WOODSTOCK, Ga. – The wife of a Roswell police sergeant facing domestic violence charges says it's all due to a haunting memory of a gruesome murder scene that's driven her husband to alcoholism and physical abuse.

In the early hours of Thanksgiving morning, Cherokee County officers responded to Sgt. Chad Harris' home after getting a 911 call from his son reporting the Harris was assaulting the boy's mother. When they got there, officers heard screaming and loud banging sounds, prompting them to draw their weapons.

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The son told police Harris had come home that night and drank 10 beers before arguing about the house being a mess. Harris denied being physical in the argument; however, the son reported Harris had a history of being belligerent and hitting his wife and children.

New information, though, reveals that those alleged actions could stem from a gruesome case the Roswell officer worked during his time with the department.

According to the arrest report for Harris, his wife told officers the family violence had been ongoing ever since Harris was involved in the investigation into the case of two teens – Natalie Henderson and Carter Davis – found murdered behind a Roswell grocery store in August 2016. Jeffery Hazelwood later pleaded guilty – but mentally ill – to the killings.

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She described how Harris had been drinking more heavily and become more physical over the past year. She also detailed how she had walked in on her husband with a weapon in what was described as a "self-harm" incident. It sparked a struggle, but the report states the weapon was not pointed at her.

11Alive's Ryan Kruger spoke to one local therapist who said this type of situation is not uncommon. According to Eddie Reece, police and first responders are often the ones who need PTSD counseling the most, yet they're some of the least likely to seek out help.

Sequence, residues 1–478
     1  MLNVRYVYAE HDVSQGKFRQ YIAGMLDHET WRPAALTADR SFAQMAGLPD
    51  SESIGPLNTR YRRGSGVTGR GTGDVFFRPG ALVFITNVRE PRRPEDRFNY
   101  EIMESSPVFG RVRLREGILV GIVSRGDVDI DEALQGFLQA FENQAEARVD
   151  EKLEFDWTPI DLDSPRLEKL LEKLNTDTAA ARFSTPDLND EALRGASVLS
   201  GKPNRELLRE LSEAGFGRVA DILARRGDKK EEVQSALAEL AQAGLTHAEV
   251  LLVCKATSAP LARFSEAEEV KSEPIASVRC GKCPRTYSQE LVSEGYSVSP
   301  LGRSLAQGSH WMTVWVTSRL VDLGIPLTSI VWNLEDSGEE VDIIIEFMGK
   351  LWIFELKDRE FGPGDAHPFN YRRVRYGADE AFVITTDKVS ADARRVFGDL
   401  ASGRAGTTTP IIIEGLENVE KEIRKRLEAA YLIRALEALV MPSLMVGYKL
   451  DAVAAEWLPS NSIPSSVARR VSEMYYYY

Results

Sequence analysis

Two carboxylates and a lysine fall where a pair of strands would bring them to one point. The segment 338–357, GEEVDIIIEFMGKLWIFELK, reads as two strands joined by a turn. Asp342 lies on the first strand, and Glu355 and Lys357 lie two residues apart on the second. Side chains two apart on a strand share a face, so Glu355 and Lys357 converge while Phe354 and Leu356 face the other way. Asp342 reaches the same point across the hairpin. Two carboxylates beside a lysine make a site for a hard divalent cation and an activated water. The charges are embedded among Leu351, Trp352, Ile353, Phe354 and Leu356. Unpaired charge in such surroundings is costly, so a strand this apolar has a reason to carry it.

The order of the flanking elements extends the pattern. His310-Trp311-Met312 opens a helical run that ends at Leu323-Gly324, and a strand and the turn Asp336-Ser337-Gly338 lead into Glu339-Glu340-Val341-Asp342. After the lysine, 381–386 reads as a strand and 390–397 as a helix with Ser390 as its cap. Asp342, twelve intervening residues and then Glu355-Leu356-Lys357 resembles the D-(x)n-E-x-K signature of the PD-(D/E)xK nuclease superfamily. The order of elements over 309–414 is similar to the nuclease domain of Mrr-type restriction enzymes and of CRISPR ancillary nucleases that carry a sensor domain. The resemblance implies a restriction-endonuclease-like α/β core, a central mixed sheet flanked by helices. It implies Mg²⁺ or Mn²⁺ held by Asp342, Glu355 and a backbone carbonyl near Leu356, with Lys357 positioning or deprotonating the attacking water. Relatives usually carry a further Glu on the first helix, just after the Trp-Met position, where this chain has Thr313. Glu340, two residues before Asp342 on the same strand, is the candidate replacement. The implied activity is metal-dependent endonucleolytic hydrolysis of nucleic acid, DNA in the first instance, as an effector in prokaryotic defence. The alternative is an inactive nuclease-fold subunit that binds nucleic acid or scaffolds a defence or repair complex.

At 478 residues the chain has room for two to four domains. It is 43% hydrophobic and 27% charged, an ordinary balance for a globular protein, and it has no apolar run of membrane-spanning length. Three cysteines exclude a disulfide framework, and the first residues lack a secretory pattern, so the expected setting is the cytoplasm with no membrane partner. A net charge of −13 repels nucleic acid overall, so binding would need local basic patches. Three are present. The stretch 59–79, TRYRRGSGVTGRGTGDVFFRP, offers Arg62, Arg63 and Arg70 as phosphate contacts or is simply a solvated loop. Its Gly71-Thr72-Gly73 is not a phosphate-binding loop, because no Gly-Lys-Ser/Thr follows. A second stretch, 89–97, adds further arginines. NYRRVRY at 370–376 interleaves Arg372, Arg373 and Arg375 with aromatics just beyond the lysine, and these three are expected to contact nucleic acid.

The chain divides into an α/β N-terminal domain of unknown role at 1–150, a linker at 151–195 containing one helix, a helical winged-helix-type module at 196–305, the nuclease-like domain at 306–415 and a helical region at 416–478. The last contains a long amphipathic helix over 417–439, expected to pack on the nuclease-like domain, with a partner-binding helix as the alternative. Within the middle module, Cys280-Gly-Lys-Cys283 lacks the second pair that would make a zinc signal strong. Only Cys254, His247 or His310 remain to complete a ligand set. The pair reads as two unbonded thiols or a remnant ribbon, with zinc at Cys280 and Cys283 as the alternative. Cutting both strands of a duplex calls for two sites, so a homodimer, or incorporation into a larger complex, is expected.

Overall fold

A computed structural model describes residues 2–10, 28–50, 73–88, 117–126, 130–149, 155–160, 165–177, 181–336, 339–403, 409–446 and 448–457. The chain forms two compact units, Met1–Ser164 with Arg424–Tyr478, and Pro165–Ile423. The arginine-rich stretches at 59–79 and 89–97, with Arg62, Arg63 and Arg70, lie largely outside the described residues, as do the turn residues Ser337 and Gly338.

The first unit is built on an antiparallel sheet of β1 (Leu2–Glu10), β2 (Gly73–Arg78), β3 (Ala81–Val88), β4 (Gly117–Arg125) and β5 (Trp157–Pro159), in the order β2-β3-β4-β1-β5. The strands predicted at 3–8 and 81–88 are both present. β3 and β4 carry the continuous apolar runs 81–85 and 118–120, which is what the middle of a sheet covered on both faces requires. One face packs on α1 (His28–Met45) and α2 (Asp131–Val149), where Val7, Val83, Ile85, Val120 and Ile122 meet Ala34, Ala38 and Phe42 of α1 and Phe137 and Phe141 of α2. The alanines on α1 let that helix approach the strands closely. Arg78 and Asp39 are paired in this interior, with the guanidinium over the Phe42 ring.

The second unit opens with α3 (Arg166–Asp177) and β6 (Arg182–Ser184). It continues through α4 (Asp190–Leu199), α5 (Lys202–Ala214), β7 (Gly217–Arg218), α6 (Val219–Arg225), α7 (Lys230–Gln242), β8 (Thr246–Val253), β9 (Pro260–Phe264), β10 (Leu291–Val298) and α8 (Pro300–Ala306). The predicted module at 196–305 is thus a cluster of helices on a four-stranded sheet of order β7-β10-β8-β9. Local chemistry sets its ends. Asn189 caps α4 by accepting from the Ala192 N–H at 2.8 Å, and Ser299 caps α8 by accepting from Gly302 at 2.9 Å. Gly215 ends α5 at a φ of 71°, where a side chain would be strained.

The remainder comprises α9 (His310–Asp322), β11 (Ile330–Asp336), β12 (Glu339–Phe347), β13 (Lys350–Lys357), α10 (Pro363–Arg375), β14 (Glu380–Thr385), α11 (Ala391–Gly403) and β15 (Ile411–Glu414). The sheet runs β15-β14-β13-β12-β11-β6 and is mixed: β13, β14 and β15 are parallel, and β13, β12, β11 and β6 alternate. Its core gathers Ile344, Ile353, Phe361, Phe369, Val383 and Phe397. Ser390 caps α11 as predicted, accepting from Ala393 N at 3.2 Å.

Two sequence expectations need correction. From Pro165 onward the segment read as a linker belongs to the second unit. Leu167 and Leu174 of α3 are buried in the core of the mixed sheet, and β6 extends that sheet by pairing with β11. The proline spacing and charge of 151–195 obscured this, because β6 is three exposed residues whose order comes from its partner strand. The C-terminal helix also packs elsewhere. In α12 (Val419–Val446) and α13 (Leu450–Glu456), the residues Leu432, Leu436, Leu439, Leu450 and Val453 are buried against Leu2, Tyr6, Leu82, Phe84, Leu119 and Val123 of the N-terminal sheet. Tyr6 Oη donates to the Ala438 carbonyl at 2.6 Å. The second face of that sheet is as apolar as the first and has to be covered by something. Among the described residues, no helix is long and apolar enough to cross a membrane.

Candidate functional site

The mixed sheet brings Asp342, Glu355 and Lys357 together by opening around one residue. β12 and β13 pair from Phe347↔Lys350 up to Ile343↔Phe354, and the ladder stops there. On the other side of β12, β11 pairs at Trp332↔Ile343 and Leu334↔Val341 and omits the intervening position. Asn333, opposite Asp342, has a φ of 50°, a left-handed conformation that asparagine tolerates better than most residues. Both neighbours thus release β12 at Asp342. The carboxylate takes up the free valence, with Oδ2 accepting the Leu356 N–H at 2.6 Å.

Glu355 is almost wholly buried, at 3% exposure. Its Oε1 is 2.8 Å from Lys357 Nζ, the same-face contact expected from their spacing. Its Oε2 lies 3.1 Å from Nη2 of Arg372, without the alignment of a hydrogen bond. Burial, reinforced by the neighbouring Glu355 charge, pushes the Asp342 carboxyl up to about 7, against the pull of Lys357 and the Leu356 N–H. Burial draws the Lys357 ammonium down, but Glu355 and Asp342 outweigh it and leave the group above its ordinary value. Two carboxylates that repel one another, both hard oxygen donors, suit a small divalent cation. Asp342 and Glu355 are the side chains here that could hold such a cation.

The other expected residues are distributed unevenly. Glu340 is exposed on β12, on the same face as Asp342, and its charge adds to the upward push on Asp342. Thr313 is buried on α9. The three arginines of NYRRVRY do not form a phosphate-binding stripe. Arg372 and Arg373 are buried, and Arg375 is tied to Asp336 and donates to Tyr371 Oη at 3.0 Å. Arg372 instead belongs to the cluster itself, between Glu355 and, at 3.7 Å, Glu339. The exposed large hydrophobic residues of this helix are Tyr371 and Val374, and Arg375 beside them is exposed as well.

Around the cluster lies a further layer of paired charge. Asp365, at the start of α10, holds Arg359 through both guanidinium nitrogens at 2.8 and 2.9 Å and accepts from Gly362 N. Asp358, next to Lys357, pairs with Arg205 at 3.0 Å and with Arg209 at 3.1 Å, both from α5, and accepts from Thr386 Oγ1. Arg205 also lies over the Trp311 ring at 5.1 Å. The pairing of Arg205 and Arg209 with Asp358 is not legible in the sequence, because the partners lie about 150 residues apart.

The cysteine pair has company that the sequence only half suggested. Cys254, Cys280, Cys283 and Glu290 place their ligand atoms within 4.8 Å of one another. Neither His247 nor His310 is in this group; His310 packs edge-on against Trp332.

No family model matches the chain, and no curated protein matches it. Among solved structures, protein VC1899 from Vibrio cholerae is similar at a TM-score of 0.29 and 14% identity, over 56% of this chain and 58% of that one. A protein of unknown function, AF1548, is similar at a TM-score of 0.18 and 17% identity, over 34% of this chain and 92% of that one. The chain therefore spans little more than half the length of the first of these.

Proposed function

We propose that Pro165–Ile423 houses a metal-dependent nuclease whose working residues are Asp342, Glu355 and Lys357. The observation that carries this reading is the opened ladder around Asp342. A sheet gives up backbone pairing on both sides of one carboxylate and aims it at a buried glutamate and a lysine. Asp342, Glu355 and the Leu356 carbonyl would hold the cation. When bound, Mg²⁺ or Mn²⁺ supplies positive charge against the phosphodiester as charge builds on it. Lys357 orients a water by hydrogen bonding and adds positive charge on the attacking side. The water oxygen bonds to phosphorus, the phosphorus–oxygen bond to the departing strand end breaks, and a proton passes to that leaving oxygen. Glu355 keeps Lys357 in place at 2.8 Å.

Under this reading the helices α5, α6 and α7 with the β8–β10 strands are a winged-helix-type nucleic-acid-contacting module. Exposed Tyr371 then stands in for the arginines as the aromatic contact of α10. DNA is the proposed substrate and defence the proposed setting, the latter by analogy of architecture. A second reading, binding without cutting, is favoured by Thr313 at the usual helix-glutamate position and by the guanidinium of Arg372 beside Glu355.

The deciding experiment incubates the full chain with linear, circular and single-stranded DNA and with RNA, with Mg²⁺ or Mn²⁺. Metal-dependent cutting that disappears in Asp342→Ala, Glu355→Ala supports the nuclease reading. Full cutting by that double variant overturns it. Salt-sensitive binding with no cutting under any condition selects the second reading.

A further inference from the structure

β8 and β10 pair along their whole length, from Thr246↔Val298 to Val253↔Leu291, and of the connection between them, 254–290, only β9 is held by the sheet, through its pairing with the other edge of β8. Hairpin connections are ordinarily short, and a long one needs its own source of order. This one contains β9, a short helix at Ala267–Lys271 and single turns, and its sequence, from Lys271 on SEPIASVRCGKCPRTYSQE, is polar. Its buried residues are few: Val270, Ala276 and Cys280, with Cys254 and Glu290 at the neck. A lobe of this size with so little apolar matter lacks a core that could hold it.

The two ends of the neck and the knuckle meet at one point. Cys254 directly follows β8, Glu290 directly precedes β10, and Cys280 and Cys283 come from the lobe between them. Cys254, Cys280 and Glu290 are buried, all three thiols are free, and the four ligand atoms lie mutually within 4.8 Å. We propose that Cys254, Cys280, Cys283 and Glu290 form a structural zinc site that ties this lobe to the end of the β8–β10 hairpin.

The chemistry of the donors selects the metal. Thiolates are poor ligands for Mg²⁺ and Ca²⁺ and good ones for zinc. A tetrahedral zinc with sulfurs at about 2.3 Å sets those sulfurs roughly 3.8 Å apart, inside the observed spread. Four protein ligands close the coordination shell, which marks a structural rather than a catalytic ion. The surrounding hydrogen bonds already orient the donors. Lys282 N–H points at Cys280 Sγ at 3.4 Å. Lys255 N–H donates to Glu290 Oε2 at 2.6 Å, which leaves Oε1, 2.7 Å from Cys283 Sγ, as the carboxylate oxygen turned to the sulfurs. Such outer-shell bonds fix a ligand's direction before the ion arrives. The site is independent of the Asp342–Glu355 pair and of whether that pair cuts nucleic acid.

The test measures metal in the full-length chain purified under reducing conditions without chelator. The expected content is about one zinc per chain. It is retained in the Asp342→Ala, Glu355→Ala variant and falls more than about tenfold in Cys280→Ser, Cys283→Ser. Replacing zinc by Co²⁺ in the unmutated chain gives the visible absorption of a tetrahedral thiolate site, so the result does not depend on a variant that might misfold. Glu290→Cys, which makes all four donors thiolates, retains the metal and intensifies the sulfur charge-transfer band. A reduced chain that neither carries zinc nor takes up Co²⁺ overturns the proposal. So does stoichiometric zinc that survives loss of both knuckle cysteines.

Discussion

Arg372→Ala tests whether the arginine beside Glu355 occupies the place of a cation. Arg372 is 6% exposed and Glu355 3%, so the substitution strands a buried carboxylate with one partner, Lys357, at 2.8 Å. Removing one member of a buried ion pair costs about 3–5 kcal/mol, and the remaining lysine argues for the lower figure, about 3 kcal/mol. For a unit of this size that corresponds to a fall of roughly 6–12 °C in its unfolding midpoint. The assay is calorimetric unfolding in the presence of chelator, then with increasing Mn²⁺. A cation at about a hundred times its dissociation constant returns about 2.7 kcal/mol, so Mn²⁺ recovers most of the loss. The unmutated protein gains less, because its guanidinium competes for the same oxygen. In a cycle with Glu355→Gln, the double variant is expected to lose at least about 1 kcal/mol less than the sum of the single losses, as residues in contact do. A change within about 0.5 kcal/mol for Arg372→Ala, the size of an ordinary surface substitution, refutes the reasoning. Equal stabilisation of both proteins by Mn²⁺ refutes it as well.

The statistics are sobering.

According to research, nearly one-fifth of all police officers have PTSD-like symptoms. To make matters worse, according to the group "Badge of Life," between 100 to 150 officers commit suicide each year. PTSD is the most common contributor.

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Vincent Champion, the southeast regional director for the International Brotherhood of Police Officers said PTSD is a much bigger problem among law enforcement than officers want to admit.

Champion said officers will tend to say they're "stressed" rather than admit they have a bigger problem. It's also not a matter of the resources not being available, he said - they're there - but officers just have to use them.

"Officers who may have PTSD are afraid that if they seek help, they may lose their job," he said.

Champion added, however, that PTSD should not be used as a scapegoat to excuse domestic violence, though studies have shown incidents of family violence are more common among police families.

Vincent Hill is a former police officer and private investigator who's worked horrific crime scenes. 11Alive asked him how the trauma on the job affects him off the job.

"You see a lot in police. You see kids being abused. You see kids killed," Hill said. "There's a lot that I wish I could forget, but I don't think I ever will."

Hill says at the beginning of his career he found himself reaching for alcohol to calm his nerves. Family members helped push him to relieve stress in other ways.

"After the alcohol what do you do? I had to find a different avenue, like the gym," he said. "To this day, I might remember something and then run to the top of Stone Mountain to clear my head. That's how you have to do it."

Harris was arrested and charged with simple battery, battery and two counts of cruelty to children. He was released on a $4,500 bond and ordered to stay away from his family. He was placed on administrative leave with pay while the department investigates the circumstances of his arrest.